Vacationing In Aruba

Aruba has one of the highest repeat visitor rates in the Caribbean, with more than half of all visitors returning to the island. Located on the outside fringes of the Hurricane Belt, Aruba sits in the southern Caribbean, just 15 miles north of Venezuela in South America. The island boasts 365 days of sunshine a year, with a temperature hovering around 82 degrees.

The island’s topography is diverse, with sandy beaches meeting rugged desert landscape. A strong Dutch influence can be seen in the island and several languages—including English, Dutch, Spanish and Papiamento—can be heard. In fact, there are over 90 nationalities living in Aruba, making it a cultural melting pot.

There are plenty of activities to keep families busy during their stay. Adventure-seekers can explore the depths of Arikok National Park’s rugged and wild interior during an off-road jeep safari tour or by hiking, biking or horseback riding the more than 20 miles of wild flora and fauna. Tucked along the cactus-speckled northern shore, Arikok National Park is home to hidden beaches, cacti, natural bridges and pools, historical cave paintings and indigenous animals, including the burrowing owl and blue whiptail lizard.

Aquatic adventures are abundant along the world-famous beaches, attracting windsurfers, kite surfers, sailors, snorkelers and divers. Good visibility, several shallow reefs and captivating shipwrecks make this an ideal spot for snorkelers and divers. A lot can be seen under the sea, including brain and star coral, sea fans, parrotfish, angelfish, eels, barracudas, sea turtles and an occasional octopus. The island boasts more than 20 dive spots ranging from 20 to 100 feet, including the Shipwreck of the Antilla, one of the most popular spots. Sailing charters are popular and combine a catamaran experience with several snorkel spots. Snuba and SUP are also popular options.

A recent study showed that a majority of Americans prefer an all-inclusive stay while on vacation. The Tamarijn Aruba All Inclusive and the adjacent Divi Aruba All Inclusive are sister properties located close to the airport and near Aruba’s capital city Oranjestad. The Divi resort opened in 1969 while Tamarijn was built in 1974.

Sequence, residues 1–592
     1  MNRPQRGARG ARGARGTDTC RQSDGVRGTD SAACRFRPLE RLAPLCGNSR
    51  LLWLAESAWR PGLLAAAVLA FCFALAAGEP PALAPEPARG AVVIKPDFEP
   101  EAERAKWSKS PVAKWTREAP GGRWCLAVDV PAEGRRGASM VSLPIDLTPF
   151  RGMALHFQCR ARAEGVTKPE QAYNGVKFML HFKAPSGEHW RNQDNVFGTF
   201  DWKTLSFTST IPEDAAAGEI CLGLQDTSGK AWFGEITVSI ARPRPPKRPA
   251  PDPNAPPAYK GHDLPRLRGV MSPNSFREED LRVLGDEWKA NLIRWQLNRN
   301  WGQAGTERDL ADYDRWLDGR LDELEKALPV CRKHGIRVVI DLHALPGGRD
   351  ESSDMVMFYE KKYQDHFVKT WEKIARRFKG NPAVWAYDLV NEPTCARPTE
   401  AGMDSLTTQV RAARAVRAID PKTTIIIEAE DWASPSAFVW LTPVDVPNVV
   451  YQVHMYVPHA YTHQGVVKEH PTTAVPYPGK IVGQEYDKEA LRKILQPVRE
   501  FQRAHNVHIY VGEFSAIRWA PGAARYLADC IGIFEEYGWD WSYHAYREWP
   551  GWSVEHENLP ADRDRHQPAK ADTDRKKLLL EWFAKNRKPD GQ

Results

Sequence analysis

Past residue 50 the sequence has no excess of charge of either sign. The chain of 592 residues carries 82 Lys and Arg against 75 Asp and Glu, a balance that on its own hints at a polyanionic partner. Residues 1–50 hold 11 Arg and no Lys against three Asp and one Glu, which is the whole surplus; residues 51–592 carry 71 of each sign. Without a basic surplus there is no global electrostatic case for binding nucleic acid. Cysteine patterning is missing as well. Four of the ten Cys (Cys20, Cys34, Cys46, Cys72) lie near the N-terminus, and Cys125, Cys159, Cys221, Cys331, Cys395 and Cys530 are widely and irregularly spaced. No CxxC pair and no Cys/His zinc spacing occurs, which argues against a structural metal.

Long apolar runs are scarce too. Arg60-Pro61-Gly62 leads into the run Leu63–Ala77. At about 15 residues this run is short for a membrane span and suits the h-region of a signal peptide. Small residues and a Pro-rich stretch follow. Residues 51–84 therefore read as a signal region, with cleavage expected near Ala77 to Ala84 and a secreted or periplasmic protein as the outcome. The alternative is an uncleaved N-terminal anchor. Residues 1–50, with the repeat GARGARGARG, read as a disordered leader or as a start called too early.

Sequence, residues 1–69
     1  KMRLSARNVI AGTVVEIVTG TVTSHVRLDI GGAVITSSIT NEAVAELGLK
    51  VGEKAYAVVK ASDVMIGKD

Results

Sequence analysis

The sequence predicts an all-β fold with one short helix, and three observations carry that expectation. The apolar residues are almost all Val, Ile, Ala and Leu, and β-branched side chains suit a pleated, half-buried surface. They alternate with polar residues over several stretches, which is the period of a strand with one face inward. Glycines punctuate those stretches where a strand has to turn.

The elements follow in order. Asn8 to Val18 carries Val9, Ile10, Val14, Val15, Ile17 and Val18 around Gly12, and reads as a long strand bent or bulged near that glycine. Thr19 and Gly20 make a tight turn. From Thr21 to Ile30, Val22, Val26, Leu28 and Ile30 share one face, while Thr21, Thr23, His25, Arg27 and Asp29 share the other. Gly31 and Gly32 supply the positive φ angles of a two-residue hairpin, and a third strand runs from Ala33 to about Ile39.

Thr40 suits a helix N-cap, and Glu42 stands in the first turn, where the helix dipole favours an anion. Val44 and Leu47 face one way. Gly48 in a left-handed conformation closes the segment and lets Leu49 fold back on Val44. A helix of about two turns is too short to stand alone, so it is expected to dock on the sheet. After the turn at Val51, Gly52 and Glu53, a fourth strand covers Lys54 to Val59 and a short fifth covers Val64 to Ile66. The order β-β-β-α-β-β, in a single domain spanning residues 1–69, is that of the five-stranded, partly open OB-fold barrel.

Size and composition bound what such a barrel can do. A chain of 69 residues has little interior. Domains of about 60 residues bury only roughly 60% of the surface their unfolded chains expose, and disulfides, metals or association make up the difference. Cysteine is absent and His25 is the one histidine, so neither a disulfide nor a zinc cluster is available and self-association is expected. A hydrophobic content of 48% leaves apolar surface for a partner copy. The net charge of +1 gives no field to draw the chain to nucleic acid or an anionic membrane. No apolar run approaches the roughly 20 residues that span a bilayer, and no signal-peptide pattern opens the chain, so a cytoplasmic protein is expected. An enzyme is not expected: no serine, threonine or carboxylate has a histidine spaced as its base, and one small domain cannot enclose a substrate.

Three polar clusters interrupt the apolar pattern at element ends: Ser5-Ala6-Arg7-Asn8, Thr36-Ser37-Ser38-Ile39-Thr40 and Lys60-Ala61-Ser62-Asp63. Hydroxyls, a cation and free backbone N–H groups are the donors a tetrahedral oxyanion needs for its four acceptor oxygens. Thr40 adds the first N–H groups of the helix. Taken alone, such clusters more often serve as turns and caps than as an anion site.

“Both resorts have undergone renovations since their opening, with the most recent upgrades made to the Tamarijn rooms,” says Marin Bijl, general manager of Divi and Tamarijn Aruba All Inclusives. “The rooms were enlarged gaining 75 square feet, the bathrooms were updated and new modern furniture was added.” The properties opened when the all-inclusive concept was not common, but they built a loyal clientele who kept coming back each year. Today, the all-inclusive aspect is one of the biggest selling points.

The two properties together have ten restaurants, and guests staying at one resort can eat and drink at the other. The open-air Palm Grill is a hibachi-style eatery where people grill their own seafood, steak and chicken. Paparazzi focuses on Italian cuisine; Ginger has Asian fusion; Pure Lime is Mexican food, and The Red Parrot is the fine dining restaurant.

Bijl notes many of the resort’s staff have worked at the property for over twenty years. “The same customer service and exceptional hospitality that guests have come to know at Divi and Tamarijn Aruba All Inclusives is still as present today as when it first opened.”

Covid has changed the way people travel. People are traveling again, but their thought process is different. “The travel landscape shifted so much over the past few years with new restrictions and guidelines to address, and now we are seeing travelers navigating inflation in place of restrictions, but it is still a major factor,” says Bijl. “Our all-inclusive format has equipped us to cater to those needs. We think we will see all-inclusive travel continue to be a popular choice for travelers.”

Bijl notes that the commonality among their guests is simply a greater desire to travel. “I think the pandemic inspired a deeper appreciation for getting out and exploring new places and that is something we have benefited from,” he says. “On top of this, I think travelers are also seeking convenience.” For people who are covid-cautious, the open-air dining venues are a good fit. Also, for people who don’t want to interact with too many people on their vacation, they can try different cuisine types and flavors of Aruba by staying at the resort and utilizing the ten restaurants.

One of the most popular activities at the resort is the electric bike and snorkel tour to Boca Catalina. The e-bikes are a good way to see the island of Aruba no matter what fitness level travelers are. The bike tour takes in the highlights of the island and the snorkel part lets people swim with sea turtles and a variety of colorful fish. There is also rock climbing on the beach, windsurfing and snorkeling equipment, kayaks and a kids club.

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